Goodbye Google Glass, We Never Knew You
It looks like the new and highly publicized Google Glass wearable device is sliding down into the depths of failed technology. It joins these other failed products like the Segway, which failed due to low consumer demand and the Hewlett Packard TouchPad which failed due to incompatibility.
Nine of the 20 or so Glass app developers have left the project altogether. The Glass Collective, the venture fund which was backing the creation of apps is now gone and the website redirects you to the main Glass page. In addition, three key Google employees have been pulled from the project. Currently, it’s not looking like we are going to see a lot of fanfare with this new product going forward.
Admittedly, it was almost doomed from the start. Back in early 2013, Google Chairman Eric Schmidt said that talking to Glass out loud in public would be “the weirdest thing” and also said there would be “places where Glass are inappropriate”. Bluntly we have to say, DUH! Companies with sensitive data, physician’s offices, movie theaters and many other locations would have to ban the use of Google Glass.
There is still some hope for Glass. Facebook and OpenTable are still two of the 100 official apps on the Glass marketplace, but Twitter has withdrawn their support. With all of these issues, Google has pushed back their full launch of the device until 2015. They are still launching it,however, with the hope their millions of research and development dollars have not gone to waste.
Don’t misunderstand; it is a very interesting device with a lot of potential. But, as a consumer market device, it is probably not going to work quite as well as they had hoped.
Security and law enforcement, for instance, would have a great use for Glass. The heads-up nature of Glass could record point of view,audio, and display information right in front of the officer without really distracting them. They are a tad expensive with a $1,500 price tag, but the benefits would be outstanding.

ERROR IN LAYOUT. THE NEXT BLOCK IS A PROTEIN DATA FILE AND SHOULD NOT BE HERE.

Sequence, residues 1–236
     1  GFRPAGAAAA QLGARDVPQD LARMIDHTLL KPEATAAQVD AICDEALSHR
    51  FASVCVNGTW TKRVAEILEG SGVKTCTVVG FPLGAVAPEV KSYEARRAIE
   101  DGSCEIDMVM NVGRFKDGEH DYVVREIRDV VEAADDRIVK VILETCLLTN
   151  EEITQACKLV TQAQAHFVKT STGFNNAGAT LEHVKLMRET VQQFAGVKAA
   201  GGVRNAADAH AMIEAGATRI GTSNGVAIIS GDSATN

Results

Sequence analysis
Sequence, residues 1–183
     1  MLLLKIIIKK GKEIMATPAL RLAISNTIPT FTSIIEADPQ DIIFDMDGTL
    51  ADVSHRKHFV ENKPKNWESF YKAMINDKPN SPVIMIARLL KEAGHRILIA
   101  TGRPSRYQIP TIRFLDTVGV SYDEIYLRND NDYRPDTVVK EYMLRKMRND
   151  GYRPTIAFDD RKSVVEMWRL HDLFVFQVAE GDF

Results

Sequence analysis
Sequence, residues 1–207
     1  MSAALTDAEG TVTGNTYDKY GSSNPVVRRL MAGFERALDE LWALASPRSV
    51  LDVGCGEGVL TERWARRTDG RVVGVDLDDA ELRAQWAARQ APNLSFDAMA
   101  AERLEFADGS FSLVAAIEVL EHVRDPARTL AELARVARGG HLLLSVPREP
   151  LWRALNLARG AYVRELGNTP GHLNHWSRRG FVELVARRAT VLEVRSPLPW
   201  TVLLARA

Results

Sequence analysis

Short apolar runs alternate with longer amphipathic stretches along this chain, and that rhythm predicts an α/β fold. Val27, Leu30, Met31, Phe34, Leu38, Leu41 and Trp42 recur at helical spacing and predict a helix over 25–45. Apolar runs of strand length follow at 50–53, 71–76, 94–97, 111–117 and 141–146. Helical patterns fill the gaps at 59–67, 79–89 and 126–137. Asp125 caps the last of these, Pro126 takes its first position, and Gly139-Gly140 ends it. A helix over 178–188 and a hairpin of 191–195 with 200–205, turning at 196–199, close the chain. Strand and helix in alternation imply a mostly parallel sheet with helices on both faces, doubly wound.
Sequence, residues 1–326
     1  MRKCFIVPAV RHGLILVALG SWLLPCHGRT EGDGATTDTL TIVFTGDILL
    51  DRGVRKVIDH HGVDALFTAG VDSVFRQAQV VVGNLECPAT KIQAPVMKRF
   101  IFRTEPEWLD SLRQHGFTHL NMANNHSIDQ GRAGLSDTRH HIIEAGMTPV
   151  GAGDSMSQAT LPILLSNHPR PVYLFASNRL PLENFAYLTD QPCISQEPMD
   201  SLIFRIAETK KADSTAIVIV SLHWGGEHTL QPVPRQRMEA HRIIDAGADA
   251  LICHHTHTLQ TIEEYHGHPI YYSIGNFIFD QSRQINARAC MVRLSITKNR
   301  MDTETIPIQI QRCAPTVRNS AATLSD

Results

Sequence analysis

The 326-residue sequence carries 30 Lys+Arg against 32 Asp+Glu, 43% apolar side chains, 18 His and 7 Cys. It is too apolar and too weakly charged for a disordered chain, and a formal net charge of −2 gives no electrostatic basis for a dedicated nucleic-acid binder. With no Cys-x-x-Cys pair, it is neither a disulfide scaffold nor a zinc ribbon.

For over 30 years, Scott Greene of Evidence Solutions, Inc. has been helping companies meet the challenges of the swiftly evolving computer technology industry. Scott went to work for IBM. Scott studied Systems Engineering at the University of Arizona. He has since earned certifications in many products.
The Evidence Solutions team analyzes data from Computers, Cell Phones, Black Boxes, Dispatch Systems, Electronic Medical Records, Email systems and more. Scott then explains the digital evidence in plain English.
Scott’s extensive knowledge draws clients to him from all over the United States as well as Internationally for consulting, Forensics and expert witness services. His extensive and diverse experience allows him to be an expert in many facets of digital and electronic evidence. Scott, a sought after speaker and educator, travels throughout the country sharing his knowledge and presenting to local, regional, national and International organizations.
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Disclaimer: While every effort has been made to ensure the accuracy of this publication, it is not intended to provide legal advice as individual situations will differ and should be discussed with an expert and/or lawyer.For specific technical or legal advice on the information provided and related topics, please contact the author.